Listening is the most fundamental component of interpersonal communication skills and there are three main types of listening most common in interpersonal communication:

  • Informational Listening (Listening to Learn)
  • Critical Listening (Listening to Evaluate and Analyse)
  • Therapeutic and Empathic Listening (Listening to Understand the Feelings and Emotions of the Speaker).
Active listening and observing

Listening is not only hearing what the speaker in the conversation has to say  but active listening, which involves paying attention, without judgement, reflecting, clarifying, and sharing,thereby listening with all senses. Poet Alice Duer Miller has a saying about listening “Listening means taking a vigorous, human interest in what is being told us“.

It is important to focus fully on the speaker, whilst being aware of verbal and nonverbal signs.

Verbal Sign of Active Listening
  • Positive reinforcement- Using positive words and phrases, such as: ‘’I see,’’ ‘’Yes,’’ ‘’Very good,’’ ‘’I understand’’, etc.
  • Remembering- Remembering the details about the speaker and ideas on the speech to encourage the speaker.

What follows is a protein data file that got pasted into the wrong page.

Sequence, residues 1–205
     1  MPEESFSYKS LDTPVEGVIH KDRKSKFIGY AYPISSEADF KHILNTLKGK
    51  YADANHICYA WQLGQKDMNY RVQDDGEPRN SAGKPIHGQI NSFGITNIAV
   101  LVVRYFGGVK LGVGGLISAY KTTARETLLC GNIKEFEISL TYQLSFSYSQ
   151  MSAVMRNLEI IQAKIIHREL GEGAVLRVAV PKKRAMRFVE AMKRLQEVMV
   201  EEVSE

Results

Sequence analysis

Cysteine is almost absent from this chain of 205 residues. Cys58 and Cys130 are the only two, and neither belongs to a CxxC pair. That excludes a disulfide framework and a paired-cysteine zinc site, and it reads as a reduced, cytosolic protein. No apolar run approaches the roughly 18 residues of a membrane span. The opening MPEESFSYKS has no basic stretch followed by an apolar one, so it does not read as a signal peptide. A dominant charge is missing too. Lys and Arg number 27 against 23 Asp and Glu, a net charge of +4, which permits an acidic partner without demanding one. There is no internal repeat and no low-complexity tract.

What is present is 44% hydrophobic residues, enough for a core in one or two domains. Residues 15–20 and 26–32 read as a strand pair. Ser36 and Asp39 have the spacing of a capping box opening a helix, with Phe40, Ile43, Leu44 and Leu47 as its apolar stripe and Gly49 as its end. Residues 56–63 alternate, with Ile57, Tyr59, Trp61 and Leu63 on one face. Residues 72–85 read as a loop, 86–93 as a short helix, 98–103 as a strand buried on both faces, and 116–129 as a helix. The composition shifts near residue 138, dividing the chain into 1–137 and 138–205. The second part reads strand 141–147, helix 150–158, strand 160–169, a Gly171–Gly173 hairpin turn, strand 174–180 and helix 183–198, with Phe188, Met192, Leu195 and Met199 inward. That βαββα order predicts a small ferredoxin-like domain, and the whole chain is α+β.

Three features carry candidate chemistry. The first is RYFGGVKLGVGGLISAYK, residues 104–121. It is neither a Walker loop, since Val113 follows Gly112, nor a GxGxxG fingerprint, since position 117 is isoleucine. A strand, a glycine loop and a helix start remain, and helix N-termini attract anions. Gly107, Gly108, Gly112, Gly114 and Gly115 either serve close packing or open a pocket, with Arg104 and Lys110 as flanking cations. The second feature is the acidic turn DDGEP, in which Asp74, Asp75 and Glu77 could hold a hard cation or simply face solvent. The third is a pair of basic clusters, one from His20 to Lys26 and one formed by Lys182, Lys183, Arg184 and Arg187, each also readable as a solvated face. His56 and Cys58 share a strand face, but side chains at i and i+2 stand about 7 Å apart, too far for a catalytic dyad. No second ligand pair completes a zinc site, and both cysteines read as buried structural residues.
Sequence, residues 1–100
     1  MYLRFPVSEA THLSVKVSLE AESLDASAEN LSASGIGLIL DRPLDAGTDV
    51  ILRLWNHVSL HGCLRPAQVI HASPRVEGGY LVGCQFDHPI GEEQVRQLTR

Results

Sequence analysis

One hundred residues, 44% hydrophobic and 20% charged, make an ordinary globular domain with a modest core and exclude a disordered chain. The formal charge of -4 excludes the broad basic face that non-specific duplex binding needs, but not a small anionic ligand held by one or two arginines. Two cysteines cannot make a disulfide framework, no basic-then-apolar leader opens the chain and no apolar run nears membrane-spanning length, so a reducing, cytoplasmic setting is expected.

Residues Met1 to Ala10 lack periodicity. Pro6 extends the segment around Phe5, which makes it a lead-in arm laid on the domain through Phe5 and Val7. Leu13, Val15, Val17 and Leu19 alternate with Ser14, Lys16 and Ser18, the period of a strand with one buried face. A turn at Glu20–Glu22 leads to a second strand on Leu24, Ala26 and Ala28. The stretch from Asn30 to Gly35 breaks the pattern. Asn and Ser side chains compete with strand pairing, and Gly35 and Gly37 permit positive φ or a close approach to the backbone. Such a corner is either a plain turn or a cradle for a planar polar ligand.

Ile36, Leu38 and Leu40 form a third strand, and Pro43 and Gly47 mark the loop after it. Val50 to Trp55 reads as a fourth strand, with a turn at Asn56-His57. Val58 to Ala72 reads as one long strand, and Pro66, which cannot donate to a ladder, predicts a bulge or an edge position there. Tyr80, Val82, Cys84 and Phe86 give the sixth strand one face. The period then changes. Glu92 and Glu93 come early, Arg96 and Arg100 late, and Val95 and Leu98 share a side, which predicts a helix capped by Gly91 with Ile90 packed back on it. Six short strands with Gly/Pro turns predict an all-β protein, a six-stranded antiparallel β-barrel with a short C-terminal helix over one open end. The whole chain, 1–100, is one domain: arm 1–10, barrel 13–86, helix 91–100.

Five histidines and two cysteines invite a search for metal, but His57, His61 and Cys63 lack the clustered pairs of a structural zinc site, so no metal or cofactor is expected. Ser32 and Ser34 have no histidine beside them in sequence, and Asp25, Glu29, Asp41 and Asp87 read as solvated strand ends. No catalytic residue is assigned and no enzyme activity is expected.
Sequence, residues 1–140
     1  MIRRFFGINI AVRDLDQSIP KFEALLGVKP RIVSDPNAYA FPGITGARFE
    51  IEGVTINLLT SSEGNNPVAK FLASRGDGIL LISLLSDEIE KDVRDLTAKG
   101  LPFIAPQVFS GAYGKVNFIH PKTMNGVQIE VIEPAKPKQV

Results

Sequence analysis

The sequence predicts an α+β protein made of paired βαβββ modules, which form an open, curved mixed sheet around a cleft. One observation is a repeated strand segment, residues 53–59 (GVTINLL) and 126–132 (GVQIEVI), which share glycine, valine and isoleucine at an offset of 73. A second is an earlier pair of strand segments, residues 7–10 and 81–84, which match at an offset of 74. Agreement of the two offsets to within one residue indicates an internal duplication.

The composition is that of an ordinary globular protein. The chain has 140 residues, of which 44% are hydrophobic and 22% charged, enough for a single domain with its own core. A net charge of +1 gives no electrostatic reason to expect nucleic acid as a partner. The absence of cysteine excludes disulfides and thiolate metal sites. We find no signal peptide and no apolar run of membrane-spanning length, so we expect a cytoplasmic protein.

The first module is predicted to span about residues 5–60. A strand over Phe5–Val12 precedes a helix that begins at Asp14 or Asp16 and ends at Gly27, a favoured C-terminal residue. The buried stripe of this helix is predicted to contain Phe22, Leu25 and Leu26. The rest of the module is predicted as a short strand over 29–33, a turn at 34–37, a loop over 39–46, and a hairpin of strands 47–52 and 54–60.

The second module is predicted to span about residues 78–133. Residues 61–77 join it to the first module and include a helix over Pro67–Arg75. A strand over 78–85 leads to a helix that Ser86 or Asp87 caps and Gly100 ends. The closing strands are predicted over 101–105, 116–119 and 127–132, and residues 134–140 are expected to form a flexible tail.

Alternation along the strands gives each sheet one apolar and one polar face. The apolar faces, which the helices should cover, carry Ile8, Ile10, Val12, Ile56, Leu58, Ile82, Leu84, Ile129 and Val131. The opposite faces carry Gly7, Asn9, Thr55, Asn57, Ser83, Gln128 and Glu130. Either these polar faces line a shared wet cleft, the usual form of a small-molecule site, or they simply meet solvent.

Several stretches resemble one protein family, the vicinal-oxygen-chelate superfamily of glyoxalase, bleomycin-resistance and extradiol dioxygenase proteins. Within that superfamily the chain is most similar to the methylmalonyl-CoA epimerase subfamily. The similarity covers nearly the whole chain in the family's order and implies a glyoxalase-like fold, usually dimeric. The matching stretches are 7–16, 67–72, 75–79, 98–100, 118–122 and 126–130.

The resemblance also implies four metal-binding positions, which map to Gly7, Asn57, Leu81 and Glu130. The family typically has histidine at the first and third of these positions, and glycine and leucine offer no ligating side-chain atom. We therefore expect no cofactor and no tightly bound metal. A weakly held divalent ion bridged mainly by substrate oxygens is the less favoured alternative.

• Questioning & Clarification – By asking relevant questions, it is possible to enable the speaker to think that the listener has an interest in the speech and ensure that the message from the speaker has been received in a correct way. Asking open-ended questions provides better clarification.

Open-ended question questions are those which require more thought and more than a simple one-word (yes, no) answer.

  • Reflection – It is based on closely repeating what the speaker has said, to demonstrate understanding.
Nonverbal Sign of Active Listening
  • Smile – Smiling can be a powerful affirmation in affirming that messages are being listened and understood and also it signals that you are approachable, trustworthy and cooperative.
  • Eye contact – Maintaining eye contact can be powerful to encourage the speaker.
  • Posture – Open and receptive body posture, it is required that legs are uncrossed, and arms are open with open palm gestures.
  • Mirroring – It starts by observing a person’s facial and physical gestures and then taking the same facial and physical gestures.
  • Distraction – It is necessary to avoid looking at your watch or phone, playing with hair or picking fingernails.
How to be active listener

Complying with verbal and nonverbal signs of active listening that have been provided above. Other tips for those who want to be active listener: